There’s something that a priest learns shortly after he is ordained when he starts hearing confessions. He doesn’t learn anything new about what you confess. He’s spent years studying all of this. He’s just hearing this now, maybe, for the first time. But the one thing he learns that he’s a little surprised by is the love he finds in himself. When a priest is hearing confessions, he does not care what the problem is. He has a great love for every soul who comes into that confessional, and he wants nothing more than to make sure that everyone leaves that confessional in true peace in the friendship of God. It is a truly supernatural thing, this love.
So continuing on with a few things I’d like to emphasize before my departure … I’m calling these the Pelonius Sermons, after Shakespeare’s character in “Hamlet”, who rather longwindedly advised his son who was leaving for school how to conduct himself when away from home – the father’s parting advice. Today we touch on some important matters concerning Sundays and Mass Attendance. Sundays are to commemorate our relationship with God, His worthiness of our honor and homage, the fittingness of our giving Him honor, the pleasure with which He receives it, the reward that He gives those who rightly honor Him. At the center of this, of course, is the Mass, the unbloody representation of Calvary. But what does the Third Commandment then forbid and enjoin? The Third Commandment forbids servile work on the Sabbath. The Third Commandment and the first precept of the church also require that we attend Mass on Sunday, and this is binding on all who have achieved the use of reason and are not excused for some legitimate reason (sickness, travel, weather, etc.). The precept of the church implies that one is to hear Mass in its entirety from the Prayers at the Foot of the Altar until the Last Blessing.
Sermon given at 2018 parish Confirmations.
What was it that Adam did? He severed the bond between God and man – he cut us off from our Father. And how did Christ restore this loss? Yes, he paid our debt, made up for our disobedience by giving His life in a perfect act of obedience to His Heavenly Father. But if that was all that was done, why would the church proclaim at the Easter Vigil, “O felix culpa” O happy fault that merited such a redeemer. In order for Adam’s sin to be called a happy fault, the repair of that fault must have brought us something that we did not have before, and something better than what we had before. What can that possibly be? I can think of only one thing: the Eucharist.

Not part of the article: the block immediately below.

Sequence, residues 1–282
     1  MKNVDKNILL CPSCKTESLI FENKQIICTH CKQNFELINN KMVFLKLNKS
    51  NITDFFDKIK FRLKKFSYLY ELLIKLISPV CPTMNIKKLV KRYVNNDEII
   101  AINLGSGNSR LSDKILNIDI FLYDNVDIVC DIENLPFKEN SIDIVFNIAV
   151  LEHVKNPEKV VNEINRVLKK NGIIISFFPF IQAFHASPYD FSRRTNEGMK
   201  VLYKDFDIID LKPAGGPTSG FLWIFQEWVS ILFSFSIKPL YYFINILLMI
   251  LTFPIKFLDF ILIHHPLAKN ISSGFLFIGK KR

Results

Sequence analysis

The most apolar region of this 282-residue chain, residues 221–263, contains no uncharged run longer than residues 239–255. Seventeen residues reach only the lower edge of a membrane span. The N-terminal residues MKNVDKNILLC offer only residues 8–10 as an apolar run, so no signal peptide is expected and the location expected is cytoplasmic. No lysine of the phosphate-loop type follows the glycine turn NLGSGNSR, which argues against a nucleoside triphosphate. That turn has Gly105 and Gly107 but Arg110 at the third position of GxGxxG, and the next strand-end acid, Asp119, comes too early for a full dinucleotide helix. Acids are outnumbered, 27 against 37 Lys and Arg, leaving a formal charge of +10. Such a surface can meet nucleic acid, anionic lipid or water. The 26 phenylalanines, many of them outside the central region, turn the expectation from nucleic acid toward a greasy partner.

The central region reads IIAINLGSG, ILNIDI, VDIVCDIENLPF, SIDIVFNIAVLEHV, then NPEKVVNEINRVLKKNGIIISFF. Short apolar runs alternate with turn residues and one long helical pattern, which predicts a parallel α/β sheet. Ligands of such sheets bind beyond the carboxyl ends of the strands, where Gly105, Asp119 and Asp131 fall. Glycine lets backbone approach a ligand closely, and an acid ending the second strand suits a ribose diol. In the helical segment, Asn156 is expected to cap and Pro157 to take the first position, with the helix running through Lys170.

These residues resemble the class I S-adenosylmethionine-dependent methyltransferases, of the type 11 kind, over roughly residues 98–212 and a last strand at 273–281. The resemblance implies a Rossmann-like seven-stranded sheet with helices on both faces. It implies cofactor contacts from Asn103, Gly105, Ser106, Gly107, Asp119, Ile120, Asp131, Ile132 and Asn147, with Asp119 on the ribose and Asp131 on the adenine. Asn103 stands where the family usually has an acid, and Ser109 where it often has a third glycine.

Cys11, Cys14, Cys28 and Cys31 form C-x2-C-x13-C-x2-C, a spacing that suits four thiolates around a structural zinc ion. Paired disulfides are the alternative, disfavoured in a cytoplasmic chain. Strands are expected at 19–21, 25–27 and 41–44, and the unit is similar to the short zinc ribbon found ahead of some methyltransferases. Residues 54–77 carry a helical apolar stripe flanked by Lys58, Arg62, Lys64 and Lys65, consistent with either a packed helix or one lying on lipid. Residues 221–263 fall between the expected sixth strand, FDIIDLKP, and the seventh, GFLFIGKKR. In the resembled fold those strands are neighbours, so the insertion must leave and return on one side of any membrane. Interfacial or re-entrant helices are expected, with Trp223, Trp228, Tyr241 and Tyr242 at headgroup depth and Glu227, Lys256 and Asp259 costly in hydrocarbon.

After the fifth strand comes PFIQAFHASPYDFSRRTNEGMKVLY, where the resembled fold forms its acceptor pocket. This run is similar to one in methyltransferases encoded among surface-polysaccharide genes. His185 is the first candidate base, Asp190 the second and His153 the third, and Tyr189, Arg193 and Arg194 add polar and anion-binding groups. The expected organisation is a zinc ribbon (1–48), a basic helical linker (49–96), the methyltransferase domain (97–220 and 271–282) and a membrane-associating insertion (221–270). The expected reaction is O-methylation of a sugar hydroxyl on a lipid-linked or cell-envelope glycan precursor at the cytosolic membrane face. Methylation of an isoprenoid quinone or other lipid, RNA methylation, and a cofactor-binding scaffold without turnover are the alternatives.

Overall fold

The purpose of this sermon, therefore, is to encourage devotion to the Eucharist as a means of restoring our idea of fatherhood. For by the Eucharist we participate in the life of our Heavenly Father.
“In the beginning was the Word, and the Word was with God and the Word was God.” Here under the appearances of bread and wine is the creator of the universe, He who has always existed, who has never not existed, He whose nature it is to exist. Here He is in the Eucharist, for us, because that is the best way that God himself could find to be with us.
When Man creates things that are disordered and ugly, those things are not a reflection of Man but rather of Man’s disorder, Man’s brokenness. But in God there is no disorder, and therefore it would be repugnant to God to create that which is not beautiful, for the creation reflects the creator just as the art reflects the artist. And in this case, the creator is not just beautiful but is beauty itself.
All of creation and everything in creation is a reflection of God in some way, some aspects of God. On Trinity Sunday, we consider one part of God’s creation which reflects in a particular way that God is a Trinity, and then we will see some practical consequences that that ought to have for us. That particular aspect of God’s creation that we are talking about is marriage.
Septuagesima is a time for us to gradually work our way into Lent so that we can be prepared and make the most of that holy season. And at times, Lent can be really grueling – we’re hungry, we’re tired, we spend a lot of time thinking about our sins and what we deserve for our sins. But let us keep our eye on the goal – what is encouraging? What makes all this worth it?
It’s the whole reason why Christ became Man and suffered and died for us. For all eternity, He has had one goal in mind – to unite Himself to you forever. It’s been an eternity, and yet finally, here you are. Our Lord’s heart yearns to be united to ours, He burns with the desire of being loved by us. When our Lord says that “With desire I have desired to eat this pasch with you”, St. Lawrence Justinian interprets this to mean our Lord’s desire to unite Himself to us in Holy Communion. Our Lord will not be denied. He will go to great lengths to be with us. He will find a way to come to those who love Him.
Today we look at some practical details about the sacrament of Confession. Confession is so important that we should be intent on getting it right, and so sacred that we should be cautious to approach this sacrament with reverence. And yet it is so common that we often slip into error. In addition, many people were never taught correctly about how to go to confession.
The point of the sermon is not to make people scrupulous about if they are doing all things right in the confessional, but to help people be a little more efficient and more fruitful. That way we can be a little more analytical about sins so that we can know ourselves better and we can make better confessions.